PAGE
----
Typhoon Haiyan, known in the Philippines as Typhoon Yolanda, struck the Leyte islands in early November 2013. Recorded as the Philippines’ deadliest typhoon in modern history, Haiyan left 6,300 fatalities in its wake and another 11 million affected.
Path of Typhoon Haiyan. Red dots indicate Category 5 classification (winds ≥157 mph, ≥252 km/h) as the storm hits the Leyte islands. PHOTO: Wikimedia Commons.
The 2013 Tree Cover Loss data update on Global Forest Watch clearly shows the environmental impact of the destruction.
Click here to view on interactive map.
The zoomed in map below shows a satellite view of the area of tree cover most affected by Typhoon Haiyan.
Click here to view on full-sized interactive map.
BANNER PHOTO: Doppler photo of Typhoon Haiyan. Wikimedia Commons.
Writer and Editor at MarketResearch.com
What organization do you work with?
I work for MarketResearch.com, a business intelligence solutions provider. I am currently the Managing Editor for our corporate blog. I also handle marketing materials and campaign management.
How did you become interested in forests?
I have always cared about the environment and am self-educated in conservation issues. Before my current job, I worked for a wildlife trafficking and conservation organization, and I hope to someday move my career back in that direction. The more experience I get, the more I learn that everything in the environmental space is connected. Different groups and organizations may focus on different aspects like biodiversity, water, emissions, or forests, but at the end of the day their efforts are collectively working toward a common goal of saving our planet.
I have an overwhelming desire to be part of that movement; to help make a difference.
By Fred Stolle and Octavia Payne
This article originally appeared on Insights.
Indonesian President Joko Widodo reaffirmed his commitment to climate leadership this week by renewing Indonesia’s national forest moratorium, which prohibits new licenses to clear key forest areas. While the environmental benefits are well-recognized, the move should also be hailed as a win for businesses and local producers.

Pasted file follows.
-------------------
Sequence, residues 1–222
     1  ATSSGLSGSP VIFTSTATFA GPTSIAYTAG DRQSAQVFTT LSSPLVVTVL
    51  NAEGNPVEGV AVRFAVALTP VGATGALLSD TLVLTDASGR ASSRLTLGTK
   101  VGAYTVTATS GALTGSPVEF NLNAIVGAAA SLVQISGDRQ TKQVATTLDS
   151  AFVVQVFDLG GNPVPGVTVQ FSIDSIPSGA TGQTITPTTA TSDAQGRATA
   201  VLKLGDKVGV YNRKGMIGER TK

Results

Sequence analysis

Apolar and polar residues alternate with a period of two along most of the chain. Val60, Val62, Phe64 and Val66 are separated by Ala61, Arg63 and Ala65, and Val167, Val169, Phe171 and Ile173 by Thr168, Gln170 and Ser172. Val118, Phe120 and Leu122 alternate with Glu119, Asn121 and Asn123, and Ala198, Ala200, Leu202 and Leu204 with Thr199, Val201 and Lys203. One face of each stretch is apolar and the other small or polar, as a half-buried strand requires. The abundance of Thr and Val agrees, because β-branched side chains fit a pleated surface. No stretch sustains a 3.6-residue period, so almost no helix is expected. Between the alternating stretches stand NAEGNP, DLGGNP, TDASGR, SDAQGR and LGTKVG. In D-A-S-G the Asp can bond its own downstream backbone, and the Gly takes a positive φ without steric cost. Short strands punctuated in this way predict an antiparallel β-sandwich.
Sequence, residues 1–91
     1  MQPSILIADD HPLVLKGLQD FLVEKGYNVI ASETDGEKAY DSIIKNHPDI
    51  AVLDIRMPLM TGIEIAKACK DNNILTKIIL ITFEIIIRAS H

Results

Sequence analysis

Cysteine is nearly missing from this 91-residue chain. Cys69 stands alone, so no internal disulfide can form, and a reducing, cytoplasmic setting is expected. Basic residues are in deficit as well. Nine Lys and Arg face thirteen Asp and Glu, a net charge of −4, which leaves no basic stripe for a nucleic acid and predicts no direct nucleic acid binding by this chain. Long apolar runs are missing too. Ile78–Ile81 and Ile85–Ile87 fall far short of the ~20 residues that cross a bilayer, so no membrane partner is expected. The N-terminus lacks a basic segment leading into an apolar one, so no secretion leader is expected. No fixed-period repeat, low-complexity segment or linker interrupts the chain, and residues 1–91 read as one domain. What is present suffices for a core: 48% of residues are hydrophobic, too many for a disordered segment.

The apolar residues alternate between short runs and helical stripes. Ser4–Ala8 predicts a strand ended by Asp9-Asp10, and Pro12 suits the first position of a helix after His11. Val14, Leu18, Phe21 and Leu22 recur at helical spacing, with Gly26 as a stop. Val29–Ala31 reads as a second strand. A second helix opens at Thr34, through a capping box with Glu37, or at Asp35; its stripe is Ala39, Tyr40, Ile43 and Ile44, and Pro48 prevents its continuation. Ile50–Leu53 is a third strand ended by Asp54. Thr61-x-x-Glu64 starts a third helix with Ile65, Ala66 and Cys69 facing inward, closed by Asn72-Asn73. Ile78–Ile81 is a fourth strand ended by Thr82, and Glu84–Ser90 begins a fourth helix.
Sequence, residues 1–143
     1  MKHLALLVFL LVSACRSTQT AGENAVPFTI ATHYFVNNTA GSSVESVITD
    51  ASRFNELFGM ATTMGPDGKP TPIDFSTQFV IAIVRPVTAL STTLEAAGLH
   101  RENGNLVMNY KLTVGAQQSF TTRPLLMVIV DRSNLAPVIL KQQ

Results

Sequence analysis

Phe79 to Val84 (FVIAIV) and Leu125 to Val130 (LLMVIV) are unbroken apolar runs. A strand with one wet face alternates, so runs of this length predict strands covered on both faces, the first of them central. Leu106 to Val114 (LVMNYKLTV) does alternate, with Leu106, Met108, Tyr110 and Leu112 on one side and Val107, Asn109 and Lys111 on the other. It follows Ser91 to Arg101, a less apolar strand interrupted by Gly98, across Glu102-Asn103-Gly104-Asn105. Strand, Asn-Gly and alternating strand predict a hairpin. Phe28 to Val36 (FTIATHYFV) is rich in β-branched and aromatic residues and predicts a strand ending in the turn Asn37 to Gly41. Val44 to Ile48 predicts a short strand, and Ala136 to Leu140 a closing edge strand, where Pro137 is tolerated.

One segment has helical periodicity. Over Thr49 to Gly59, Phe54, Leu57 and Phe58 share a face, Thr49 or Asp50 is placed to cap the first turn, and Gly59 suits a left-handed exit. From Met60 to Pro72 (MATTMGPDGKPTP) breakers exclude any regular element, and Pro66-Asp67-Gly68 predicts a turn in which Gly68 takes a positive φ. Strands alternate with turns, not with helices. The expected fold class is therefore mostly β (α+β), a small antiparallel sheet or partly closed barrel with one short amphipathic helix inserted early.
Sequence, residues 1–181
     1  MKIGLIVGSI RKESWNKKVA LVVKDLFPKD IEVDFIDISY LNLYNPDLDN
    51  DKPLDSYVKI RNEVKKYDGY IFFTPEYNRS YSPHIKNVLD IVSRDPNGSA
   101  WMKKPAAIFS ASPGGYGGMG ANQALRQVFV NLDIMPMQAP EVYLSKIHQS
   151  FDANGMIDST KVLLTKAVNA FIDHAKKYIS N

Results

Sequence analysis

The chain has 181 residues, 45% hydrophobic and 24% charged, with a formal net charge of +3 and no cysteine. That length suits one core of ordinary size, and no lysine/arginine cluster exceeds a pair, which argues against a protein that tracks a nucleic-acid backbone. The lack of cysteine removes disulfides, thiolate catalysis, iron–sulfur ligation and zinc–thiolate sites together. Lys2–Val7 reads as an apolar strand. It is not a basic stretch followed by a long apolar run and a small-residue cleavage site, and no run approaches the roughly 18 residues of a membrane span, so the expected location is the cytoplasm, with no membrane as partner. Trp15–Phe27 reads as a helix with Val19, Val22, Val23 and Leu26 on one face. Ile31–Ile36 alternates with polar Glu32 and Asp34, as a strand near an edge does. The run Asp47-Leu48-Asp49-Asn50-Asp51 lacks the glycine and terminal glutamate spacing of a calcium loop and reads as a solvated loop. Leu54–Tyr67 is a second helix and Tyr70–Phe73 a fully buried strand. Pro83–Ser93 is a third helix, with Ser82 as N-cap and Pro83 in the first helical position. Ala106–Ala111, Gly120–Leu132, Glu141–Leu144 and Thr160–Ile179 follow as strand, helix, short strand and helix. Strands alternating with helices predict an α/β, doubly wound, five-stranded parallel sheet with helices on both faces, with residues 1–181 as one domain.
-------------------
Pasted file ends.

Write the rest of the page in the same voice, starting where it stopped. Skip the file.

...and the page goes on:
Thanks to its large swaths of land, tropical climate, abundant labor and proximity to major markets, Indonesia is well-placed to cash in on the growing global demand for commodities like palm oil, timber, sugar, rice, pulp and paper. The potential profits from these products are sometimes seen as conflicting with efforts like the forest moratorium. But research and experience show that the policy may actually boost current and future economic prosperity.
GFW User Wenman Liu
Ph.D. Candidate at Georgia Institute of Technology
How did you find out about GFW?
I’ve been working on forest issues for a while. I was always searching the internet for forest-related data and had a pretty hard time finding stuff, so I actually found GFW through a Google search! It must have been the early days when the website first launched because I check pretty frequently.
How did you become interested in forests?
Before coming to the US, I was stationed in Southeast Asia for about 4 years working on ecosystem services projects for the Stockholm Environmental Institute. I was working with biofuel assessments, so I wasn’t really focused on forests, but I did field work in villages across the region. A consistent environmental threat I noticed was expansion of biofuels at the cost of forests – I would walk around and see trees chopped down everywhere. It was painful to witness.
The Mekong region has some of the highest levels of biodiversity in the world. But there are always changing business trends affecting this unique environment; 20 years ago aquaculture was in fashion and people chopped down mangroves to grow shrimp, until they found the shrimp ponds were polluting. Then it was biofuels. Now palm oil is affecting forests at a large scale, and someday the trend will switch to something else.
By Nirarta “Koni” Samadhi and Nigel Sizer
This article originally appeared on The Guardian.
If we are serious about tackling climate change, we need to talk about Indonesia.
While it may not be the country with the highest emissions from energy or industry, what Indonesia does have is forests, and lots of them. Many of the country’s more than 13,000 islands are blanketed by vast green jungles that absorb carbon and store it in trees and soils.
But Indonesia, like many fast-developing countries, is subject to widespread deforestation, releasing carbon pollution back into the atmosphere. Deforestation and land use change drives about 80% of Indonesia’s greenhouse gas emissions, which according to some estimates makes it the world’s fifth biggest emitter.
This year, Indonesia’s leaders have the opportunity to limit these emissions by protecting some of its vast forests under its national “forest moratorium.”